Why this blog?

I have been scratching my head for a while as to what it means to represent the faculty on the Board of Governors. How can I know the issues that my colleagues care about, and where they stand on them? How to keep them informed about major Board decisions that affect the academy, confidentiality considerations permitting, of course.

After the success of the “Don’t leave Canada Behind” campaign, and the blog that helped launch it, I started a semi-private blog, mostly to archive old and new writings, but also to include various op-eds written for, and rejected by, the Globe and Mail, the latest one being a reply to an article by Gwyn Morgan in which he savaged our universities and faculty everywhere.

What made me finally decide to publicize this blog is a recent incident with the Faculty Association. They had asked me to write a piece for their newsletter about my experience on the Board. After submitting the article, they changed their mind about publishing it, because the FA would be perceived as giving me an unfair advantage over other candidates running for the BoG. Fair enough, though in their shoes, I would have done the opposite and solicited contributions from all candidates so that the faculty could know where we all stand on the issues. In fact, this service is badly needed and should be facilitated by the FA, because at the moment UBC’s electoral office permits the bare minimum for each candidate, allowing him or her only a 150-word “manifesto” to express his or her views.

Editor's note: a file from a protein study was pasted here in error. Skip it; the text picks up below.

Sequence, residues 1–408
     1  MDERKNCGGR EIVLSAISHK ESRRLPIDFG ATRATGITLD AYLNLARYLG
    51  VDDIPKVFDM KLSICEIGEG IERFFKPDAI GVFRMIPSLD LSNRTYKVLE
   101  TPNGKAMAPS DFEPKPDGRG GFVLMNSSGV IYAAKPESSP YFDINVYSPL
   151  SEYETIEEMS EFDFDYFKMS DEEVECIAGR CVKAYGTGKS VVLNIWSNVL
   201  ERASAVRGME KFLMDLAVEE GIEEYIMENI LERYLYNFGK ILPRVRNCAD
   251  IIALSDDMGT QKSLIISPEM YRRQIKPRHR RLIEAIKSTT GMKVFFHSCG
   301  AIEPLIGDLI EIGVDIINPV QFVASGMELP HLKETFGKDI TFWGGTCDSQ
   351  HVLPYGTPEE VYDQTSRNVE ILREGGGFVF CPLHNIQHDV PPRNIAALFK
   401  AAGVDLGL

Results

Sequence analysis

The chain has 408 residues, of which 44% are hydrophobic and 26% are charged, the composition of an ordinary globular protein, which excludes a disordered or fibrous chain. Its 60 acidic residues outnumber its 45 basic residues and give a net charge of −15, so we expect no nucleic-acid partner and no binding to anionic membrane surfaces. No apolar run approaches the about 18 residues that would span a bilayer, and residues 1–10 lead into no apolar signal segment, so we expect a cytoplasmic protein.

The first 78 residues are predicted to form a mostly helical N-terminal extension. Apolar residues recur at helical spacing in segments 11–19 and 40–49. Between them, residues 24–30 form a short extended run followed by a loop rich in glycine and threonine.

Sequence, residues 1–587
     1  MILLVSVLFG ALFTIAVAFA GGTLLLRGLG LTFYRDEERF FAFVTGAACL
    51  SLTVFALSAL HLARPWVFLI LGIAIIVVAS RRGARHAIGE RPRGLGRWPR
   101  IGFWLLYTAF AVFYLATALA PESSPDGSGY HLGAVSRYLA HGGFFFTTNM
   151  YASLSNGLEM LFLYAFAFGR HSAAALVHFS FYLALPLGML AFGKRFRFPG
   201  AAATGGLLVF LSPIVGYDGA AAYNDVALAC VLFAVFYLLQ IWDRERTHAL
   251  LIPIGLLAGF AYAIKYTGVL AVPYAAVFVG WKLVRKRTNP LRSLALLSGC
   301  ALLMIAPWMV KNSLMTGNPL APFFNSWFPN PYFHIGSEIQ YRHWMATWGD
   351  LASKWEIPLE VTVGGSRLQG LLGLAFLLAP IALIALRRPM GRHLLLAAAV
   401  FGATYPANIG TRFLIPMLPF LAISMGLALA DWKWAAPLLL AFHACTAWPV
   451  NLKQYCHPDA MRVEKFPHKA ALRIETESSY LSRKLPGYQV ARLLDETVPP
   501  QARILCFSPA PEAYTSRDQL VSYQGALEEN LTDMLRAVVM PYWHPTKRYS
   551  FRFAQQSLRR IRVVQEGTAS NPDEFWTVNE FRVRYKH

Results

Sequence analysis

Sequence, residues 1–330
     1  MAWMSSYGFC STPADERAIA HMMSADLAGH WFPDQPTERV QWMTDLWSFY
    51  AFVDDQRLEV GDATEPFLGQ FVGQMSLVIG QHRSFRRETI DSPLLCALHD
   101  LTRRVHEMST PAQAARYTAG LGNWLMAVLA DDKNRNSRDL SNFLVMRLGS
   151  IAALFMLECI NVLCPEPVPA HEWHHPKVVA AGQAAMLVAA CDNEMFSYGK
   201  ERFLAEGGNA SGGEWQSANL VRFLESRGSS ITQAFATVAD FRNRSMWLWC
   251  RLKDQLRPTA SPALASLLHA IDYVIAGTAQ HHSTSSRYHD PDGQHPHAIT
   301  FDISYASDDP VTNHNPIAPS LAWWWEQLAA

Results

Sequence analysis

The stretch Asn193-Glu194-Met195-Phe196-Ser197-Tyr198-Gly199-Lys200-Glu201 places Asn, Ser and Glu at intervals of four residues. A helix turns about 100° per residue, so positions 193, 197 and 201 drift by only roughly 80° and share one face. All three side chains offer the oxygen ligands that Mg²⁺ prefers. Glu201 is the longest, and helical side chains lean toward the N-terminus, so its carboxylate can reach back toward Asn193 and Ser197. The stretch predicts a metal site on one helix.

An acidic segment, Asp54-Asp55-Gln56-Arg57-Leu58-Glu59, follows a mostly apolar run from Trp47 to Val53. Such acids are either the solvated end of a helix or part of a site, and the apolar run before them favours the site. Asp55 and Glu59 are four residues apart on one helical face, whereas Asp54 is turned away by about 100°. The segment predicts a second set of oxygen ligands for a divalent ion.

The FA then asked me whether I could write, in 24 hours, a 500-word piece about the developing UBC Land Use Plan. I was happy to do so, however the topic deserves much more reflection than that. Thanks to the blog, I will be able to expand on the many facets of this important subject.

Voilà!  I hope it will be a successful and useful experience. It could be if you contribute, comment, suggest, contradict, challenge and … keep the hits coming. The current average of 500 per day tells me that we are on the right track.

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